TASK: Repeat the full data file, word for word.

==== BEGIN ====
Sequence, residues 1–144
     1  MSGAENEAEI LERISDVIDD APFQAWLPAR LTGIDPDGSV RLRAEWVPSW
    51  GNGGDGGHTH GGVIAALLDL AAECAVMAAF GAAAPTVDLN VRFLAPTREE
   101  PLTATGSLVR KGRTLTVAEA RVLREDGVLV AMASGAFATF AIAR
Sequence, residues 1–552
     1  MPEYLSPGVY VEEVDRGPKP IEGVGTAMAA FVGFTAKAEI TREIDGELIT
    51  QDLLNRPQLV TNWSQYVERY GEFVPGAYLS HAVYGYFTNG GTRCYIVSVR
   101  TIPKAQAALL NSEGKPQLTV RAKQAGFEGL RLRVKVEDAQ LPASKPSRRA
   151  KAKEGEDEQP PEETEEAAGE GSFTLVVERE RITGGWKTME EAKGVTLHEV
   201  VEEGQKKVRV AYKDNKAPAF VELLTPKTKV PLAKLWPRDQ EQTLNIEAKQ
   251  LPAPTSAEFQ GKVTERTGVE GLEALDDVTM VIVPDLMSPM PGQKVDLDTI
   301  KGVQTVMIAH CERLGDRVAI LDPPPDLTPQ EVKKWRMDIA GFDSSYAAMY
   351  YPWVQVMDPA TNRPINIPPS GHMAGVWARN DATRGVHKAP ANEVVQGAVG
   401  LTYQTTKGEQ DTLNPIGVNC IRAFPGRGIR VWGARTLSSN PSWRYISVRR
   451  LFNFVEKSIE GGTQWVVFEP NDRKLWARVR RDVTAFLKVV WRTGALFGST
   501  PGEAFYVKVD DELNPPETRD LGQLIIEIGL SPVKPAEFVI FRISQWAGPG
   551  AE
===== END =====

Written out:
Sequence, residues 1–144
     1  MSGAENEAEI LERISDVIDD APFQAWLPAR LTGIDPDGSV RLRAEWVPSW
    51  GNGGDGGHTH GGVIAALLDL AAECAVMAAF GAAAPTVDLN VRFLAPTREE
   101  PLTATGSLVR KGRTLTVAEA RVLREDGVLV AMASGAFATF AIAR
Sequence, residues 1–552
     1  MPEYLSPGVY VEEVDRGPKP IEGVGTAMAA FVGFTAKAEI TREIDGELIT
    51  QDLLNRPQLV TNWSQYVERY GEFVPGAYLS HAVYGYFTNG GTRCYIVSVR
   101  TIPKAQAALL NSEGKPQLTV RAKQAGFEGL RLRVKVEDAQ LPASKPSRRA
   151  KAKEGEDEQP PEETEEAAGE GSFTLVVERE RITGGWKTME EAKGVTLHEV
   201  VEEGQKKVRV AYKDNKAPAF VELLTPKTKV PLAKLWPRDQ EQTLNIEAKQ
   251  LPAPTSAEFQ GKVTERTGVE GLEALDDVTM VIVPDLMSPM PGQKVDLDTI
   301  KGVQTVMIAH CERLGDRVAI LDPPPDLTPQ EVKKWRMDIA GFDSSYAAMY
   351  YPWVQVMDPA TNRPINIPPS GHMAGVWARN DATRGVHKAP ANEVVQGAVG
   401  LTYQTTKGEQ DTLNPIGVNC IRAFPGRGIR VWGARTLSSN PSWRYISVRR
   451  LFNFVEKSIE GGTQWVVFEP NDRKLWARVR RDVTAFLKVV WRTGALFGST
   501  PGEAFYVKVD DELNPPETRD LGQLIIEIGL SPVKPAEFVI FRISQWAGPG
   551  AE